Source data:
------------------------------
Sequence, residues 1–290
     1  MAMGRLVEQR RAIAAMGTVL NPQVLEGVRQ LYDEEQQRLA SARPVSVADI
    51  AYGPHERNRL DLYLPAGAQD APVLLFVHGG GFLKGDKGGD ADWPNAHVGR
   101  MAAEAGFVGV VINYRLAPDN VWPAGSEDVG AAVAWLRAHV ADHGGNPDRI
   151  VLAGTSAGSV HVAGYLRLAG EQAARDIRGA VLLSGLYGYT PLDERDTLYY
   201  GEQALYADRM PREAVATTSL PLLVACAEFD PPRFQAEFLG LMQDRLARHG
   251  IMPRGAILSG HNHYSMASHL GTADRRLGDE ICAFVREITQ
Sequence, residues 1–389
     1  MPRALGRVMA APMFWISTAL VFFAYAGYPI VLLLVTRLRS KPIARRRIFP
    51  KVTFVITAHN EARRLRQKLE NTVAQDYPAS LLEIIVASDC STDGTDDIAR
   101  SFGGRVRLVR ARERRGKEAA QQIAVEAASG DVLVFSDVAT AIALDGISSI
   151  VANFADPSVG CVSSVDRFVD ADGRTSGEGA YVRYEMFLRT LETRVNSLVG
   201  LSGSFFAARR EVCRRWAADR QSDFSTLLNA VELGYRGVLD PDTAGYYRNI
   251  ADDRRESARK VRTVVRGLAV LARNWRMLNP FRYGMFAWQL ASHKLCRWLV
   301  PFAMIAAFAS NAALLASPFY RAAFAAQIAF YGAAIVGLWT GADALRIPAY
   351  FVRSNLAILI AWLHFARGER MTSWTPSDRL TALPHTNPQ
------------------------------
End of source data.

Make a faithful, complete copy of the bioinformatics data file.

Sequence, residues 1–290
     1  MAMGRLVEQR RAIAAMGTVL NPQVLEGVRQ LYDEEQQRLA SARPVSVADI
    51  AYGPHERNRL DLYLPAGAQD APVLLFVHGG GFLKGDKGGD ADWPNAHVGR
   101  MAAEAGFVGV VINYRLAPDN VWPAGSEDVG AAVAWLRAHV ADHGGNPDRI
   151  VLAGTSAGSV HVAGYLRLAG EQAARDIRGA VLLSGLYGYT PLDERDTLYY
   201  GEQALYADRM PREAVATTSL PLLVACAEFD PPRFQAEFLG LMQDRLARHG
   251  IMPRGAILSG HNHYSMASHL GTADRRLGDE ICAFVREITQ
Sequence, residues 1–389
     1  MPRALGRVMA APMFWISTAL VFFAYAGYPI VLLLVTRLRS KPIARRRIFP
    51  KVTFVITAHN EARRLRQKLE NTVAQDYPAS LLEIIVASDC STDGTDDIAR
   101  SFGGRVRLVR ARERRGKEAA QQIAVEAASG DVLVFSDVAT AIALDGISSI
   151  VANFADPSVG CVSSVDRFVD ADGRTSGEGA YVRYEMFLRT LETRVNSLVG
   201  LSGSFFAARR EVCRRWAADR QSDFSTLLNA VELGYRGVLD PDTAGYYRNI
   251  ADDRRESARK VRTVVRGLAV LARNWRMLNP FRYGMFAWQL ASHKLCRWLV
   301  PFAMIAAFAS NAALLASPFY RAAFAAQIAF YGAAIVGLWT GADALRIPAY
   351  FVRSNLAILI AWLHFARGER MTSWTPSDRL TALPHTNPQ